The pendulum swing of this week is my reminder that all can change suddenly, with little warning or only a whiff, that the mind and heart can know different true things.
Feeling daunted with the task of sorting thru a family household of accumulated belongings, I travelled home feeling I must free my own self of too many possessions. Something said often, although it is much harder to act on. There is stuff, and there are those fragments of a life that have meaning, surprises to comprehend. There are reminders of how incomplete our knowledge of the lives of our parents or grandparents might be, that their journeys have an untold story and that some of it will be left to our very inadequate imaginations to fill in.
Himself found a treasure of ancestral documents that led me to revisit the working lives of those who came west to seek and make a better life. Some of the papers held beauty in the form of penmanship worthy of a Ken Burns project. Small forgotten elements of life challenged by dust bowls, the depression, wars – tough times. These pages are a proof of life in many ways.
A day later, a calm early fall evening was interrupted by a whiff of smoke. In seconds the calm was destroyed by a real and clear threat of fire as a neighbors barn burned, bright fire just beyond our trees. As himself went to assess the threat, I quickly packed the most basic items necessary, should we have to abandon our home. With a practical panic, I decided passports, a few clothes, and cat food were first to place in the car, turning it around for escape position and readying the carrier for our quite unconcerned kitty. I selected these items as I told myself that the rest was just stuff. I then walked down to the front line, barely able to breathe, hyperventilating, something I am coming to regard as a more visceral response to the prospect of everything that might describe or document our life as we knew it, evaporating.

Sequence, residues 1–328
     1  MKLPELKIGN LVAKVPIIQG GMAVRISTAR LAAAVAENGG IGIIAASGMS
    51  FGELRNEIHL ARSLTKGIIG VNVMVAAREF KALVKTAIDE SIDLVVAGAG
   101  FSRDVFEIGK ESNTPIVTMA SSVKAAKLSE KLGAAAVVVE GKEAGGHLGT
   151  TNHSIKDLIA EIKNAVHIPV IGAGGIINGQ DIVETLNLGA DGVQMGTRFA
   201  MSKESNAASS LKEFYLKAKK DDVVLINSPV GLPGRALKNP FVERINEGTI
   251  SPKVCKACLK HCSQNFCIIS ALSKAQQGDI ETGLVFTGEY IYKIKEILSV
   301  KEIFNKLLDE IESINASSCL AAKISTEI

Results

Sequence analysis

We live in a rural and beautiful place. A wild and dry place at this time of year, with abundant fuel. And fortunately on this night, no wind and a huge and fierce response by firefighters from several agencies including our critically important local volunteer fire department.
The structure had been fully involved, a phrase of firefighting language that means it will, or has, burnt completely, and the goal is to contain the spread, protect other structures, wildlands and lives. There were no occupants, but in a place where most parcels might seem large by town standards, 5 acres mostly, there were houses quite close to the flames. All were saved – at a time of year where every timber is dry, grasses golden and crisp, there is too much fuel should a fire spread. But it was a windless night, and calm fire professionals turned out in heavy and immediate response. My own panic and fears will subside as I begin to understand this. I am grateful, but sobered by how the closeness of this felt.
Everyone on our driveway returned home that night. The fire crews stayed through the night to mop up. Most folks call that a win.
We will miss this old barn, a reminder of the origins of all our parcels, orchards divided by the man who owned most of this ridge. The beauty of this place is breathtaking, and sometimes fragile, and we are appreciative of the fact that because fire season is still on, the staffing has not yet been cut back.